In fact, the sand-bed may become a kind of sponge, quite saturated with the water which has filtered down from the surface.
A bed of clay, on the other hand, is impervious; it is made up of very small particles fitting closely to each other, and therefore offering resistance to the passage of water. Wherever such a bed occurs, it hinders the free passage of the water, which, unable to sink through it from above on the way down, or from below on the way up to the surface again, is kept in by the clay, and forced to find another line of escape.
Sandy soils are dry because the rain at once sinks through them; clay soils are wet because they retain the water, and prevent it from freely descending into the earth. Now the rocks beneath us, besides being in many cases porous in their texture, such as sandstone, are all more or less traversed with cracks—sometimes mere lines, like those of a cracked window-pane, but sometimes wide and open clefts and tunnels.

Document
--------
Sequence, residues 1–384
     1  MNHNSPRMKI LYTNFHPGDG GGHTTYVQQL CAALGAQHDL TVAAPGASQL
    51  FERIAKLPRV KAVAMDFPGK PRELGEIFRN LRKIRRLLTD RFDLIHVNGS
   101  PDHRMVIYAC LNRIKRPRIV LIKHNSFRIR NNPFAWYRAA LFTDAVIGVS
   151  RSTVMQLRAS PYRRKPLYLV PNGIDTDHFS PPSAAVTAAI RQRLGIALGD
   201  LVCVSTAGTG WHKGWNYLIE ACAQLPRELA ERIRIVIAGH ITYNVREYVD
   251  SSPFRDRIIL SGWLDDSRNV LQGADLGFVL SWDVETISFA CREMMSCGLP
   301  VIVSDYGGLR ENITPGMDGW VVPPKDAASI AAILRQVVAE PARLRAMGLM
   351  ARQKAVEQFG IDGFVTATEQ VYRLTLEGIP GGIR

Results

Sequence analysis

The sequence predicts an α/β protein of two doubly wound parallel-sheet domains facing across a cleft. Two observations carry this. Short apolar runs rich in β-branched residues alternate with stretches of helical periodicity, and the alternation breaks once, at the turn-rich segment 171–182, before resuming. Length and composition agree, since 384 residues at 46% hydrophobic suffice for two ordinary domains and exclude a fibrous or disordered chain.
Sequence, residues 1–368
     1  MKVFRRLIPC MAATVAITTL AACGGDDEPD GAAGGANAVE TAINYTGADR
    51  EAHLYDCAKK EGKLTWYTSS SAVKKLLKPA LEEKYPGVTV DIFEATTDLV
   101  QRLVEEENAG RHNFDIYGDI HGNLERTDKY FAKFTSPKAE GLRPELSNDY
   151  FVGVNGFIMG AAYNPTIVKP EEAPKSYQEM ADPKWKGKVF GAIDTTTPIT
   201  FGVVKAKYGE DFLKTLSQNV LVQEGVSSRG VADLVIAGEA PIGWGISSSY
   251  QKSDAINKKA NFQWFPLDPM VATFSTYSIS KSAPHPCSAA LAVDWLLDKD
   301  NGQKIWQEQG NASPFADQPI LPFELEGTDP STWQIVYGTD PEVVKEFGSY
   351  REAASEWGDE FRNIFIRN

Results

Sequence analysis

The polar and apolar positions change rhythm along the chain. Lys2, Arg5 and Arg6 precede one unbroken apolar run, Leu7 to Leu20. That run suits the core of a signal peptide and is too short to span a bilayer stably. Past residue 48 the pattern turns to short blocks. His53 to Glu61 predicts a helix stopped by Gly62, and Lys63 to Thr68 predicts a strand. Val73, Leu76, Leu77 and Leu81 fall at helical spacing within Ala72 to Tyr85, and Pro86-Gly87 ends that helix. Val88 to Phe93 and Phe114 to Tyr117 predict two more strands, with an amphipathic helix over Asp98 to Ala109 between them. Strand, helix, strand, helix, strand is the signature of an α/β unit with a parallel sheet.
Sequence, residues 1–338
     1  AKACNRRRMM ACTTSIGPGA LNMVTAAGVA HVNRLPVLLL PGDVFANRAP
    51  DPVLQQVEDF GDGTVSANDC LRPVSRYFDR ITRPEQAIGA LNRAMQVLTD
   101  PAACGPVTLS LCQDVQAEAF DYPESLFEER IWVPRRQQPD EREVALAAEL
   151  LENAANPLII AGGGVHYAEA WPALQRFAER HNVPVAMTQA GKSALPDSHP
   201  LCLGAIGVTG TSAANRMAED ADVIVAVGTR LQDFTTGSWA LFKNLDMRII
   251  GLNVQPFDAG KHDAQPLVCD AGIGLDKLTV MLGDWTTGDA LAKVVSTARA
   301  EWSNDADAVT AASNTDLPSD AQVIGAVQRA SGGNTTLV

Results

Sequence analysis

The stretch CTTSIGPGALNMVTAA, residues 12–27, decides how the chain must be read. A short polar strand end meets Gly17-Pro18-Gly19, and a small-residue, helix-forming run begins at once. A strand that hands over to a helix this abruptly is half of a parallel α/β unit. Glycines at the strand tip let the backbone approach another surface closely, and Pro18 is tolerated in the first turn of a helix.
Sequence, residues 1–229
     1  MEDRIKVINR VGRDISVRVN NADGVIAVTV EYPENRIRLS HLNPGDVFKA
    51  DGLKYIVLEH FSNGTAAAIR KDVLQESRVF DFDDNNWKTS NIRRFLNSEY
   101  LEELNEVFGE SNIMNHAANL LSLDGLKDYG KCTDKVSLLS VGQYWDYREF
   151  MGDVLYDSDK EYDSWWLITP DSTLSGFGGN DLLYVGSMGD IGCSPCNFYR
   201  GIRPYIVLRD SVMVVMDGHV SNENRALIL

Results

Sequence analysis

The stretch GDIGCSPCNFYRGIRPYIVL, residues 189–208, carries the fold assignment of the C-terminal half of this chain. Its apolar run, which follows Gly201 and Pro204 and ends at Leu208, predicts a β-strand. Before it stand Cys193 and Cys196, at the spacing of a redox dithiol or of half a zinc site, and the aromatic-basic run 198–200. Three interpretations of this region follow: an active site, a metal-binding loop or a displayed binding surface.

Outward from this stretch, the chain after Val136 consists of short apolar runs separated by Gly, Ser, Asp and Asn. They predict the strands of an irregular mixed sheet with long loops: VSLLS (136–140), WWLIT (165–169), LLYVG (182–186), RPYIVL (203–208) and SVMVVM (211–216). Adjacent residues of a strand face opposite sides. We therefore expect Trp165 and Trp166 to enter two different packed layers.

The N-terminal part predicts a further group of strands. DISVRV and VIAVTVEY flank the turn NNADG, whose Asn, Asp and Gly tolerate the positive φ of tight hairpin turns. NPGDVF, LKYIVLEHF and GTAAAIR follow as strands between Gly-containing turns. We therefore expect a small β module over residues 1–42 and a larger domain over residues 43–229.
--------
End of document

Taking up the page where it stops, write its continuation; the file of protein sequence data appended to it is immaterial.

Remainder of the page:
These numerous channels serve as passages for the underground water. Hence, although a rock may be so hard and close-grained that water does not soak through it at all, yet if that rock is plentifully supplied with these cracks, it may allow a large quantity of water to pass through. In hilly districts, where the surface of the ground has not been brought under the plow, you will notice that many places are marshy and wet, even when the weather has long been dry.